Q & A with KATHARINE BEALS
Why did you write Raising a Left-Brain Child?
I'm the mother of three left-brain children, and I've grown increasingly concerned about problems they face in school and in society at large.
What other experiences do you bring this book?
Besides my own experiences as a parent, I've interviewed a number of other parents of left-brainers and learned a lot from them.
I'm also a teacher, and have taught both officially and unofficially in various public schools--mostly math.
In addition, I spent a year and a half in France back when I was a grade school student, and this has given me a chance to compare how American students learn with how European students learn (French classrooms ressemble classrooms throughout much of Europe).
I now teach in the Graduate School of Education at the University of Pennsylvania, and this has given me an opportunity to learn more about current trends in education, and see how today's teachers are being trained.
I'm also part of the education blogosphere, where there's a rich network of bloggers debating and sharing research about education. In addition to my own blog I've been a contributing blogger at kitchentablemath. Most recently Catherine Johnson and I have started a new blog, at catherineandkatharine.wordpress.com.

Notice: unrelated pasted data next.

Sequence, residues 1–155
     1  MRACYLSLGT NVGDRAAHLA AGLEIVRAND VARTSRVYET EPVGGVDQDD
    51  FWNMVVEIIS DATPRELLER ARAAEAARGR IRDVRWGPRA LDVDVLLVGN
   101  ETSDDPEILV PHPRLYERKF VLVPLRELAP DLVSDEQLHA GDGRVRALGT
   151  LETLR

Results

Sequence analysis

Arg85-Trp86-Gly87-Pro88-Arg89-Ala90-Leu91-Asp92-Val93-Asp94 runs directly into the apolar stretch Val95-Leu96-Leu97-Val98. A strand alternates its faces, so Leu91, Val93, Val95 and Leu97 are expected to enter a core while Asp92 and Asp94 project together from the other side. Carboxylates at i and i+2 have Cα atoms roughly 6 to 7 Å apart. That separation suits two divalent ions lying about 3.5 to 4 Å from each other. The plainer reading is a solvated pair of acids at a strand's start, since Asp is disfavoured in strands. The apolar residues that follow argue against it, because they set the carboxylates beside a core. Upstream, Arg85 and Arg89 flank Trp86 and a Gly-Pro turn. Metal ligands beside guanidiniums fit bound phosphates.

Finally, I have a PhD in linguistics, which has helped me analyze the conversational dynamics of today’s classrooms and the challenges they pose to left-brainers.
Why have you chosen the term left-brain for the children you're writing about?
I want to stress that I'm not using left-brain in the neurological sense to refer to actual brain hemispheres.
The reason I've picked left-brain is that it's the only term that captures both the unsocial and the analytical features of these kids: according to popular usage, left-brainers are people who tend to be introverts, think logically and abstractly, analyze and systematize, process things linearly (or one at a time), tune in to verbal more than to nonverbal communication, and prefer to work independently.
Also, left brain is a much nicer term than "nerd" or "geek", and one of my goals in writing Raising a Left Brain Child is to encourage people not to put these children down, but to celebrate them for their many wonderful quirks and talents.
What other projects have you been involved with?
My other big project is the GrammarTrainer, a program I've created to teach basic, intermediate and advanced English grammar to children with autism and other language delays.
I was motivated to program the hundreds of pages of code it took to create this interactive curriculum by the needs of my middle child, who is autistic--and who has become extremely verbal in the years since he started using the program.
How can people get in touch with you?
You can email me at katharine (dot) p (dot) beals (at) gmail (dot) com.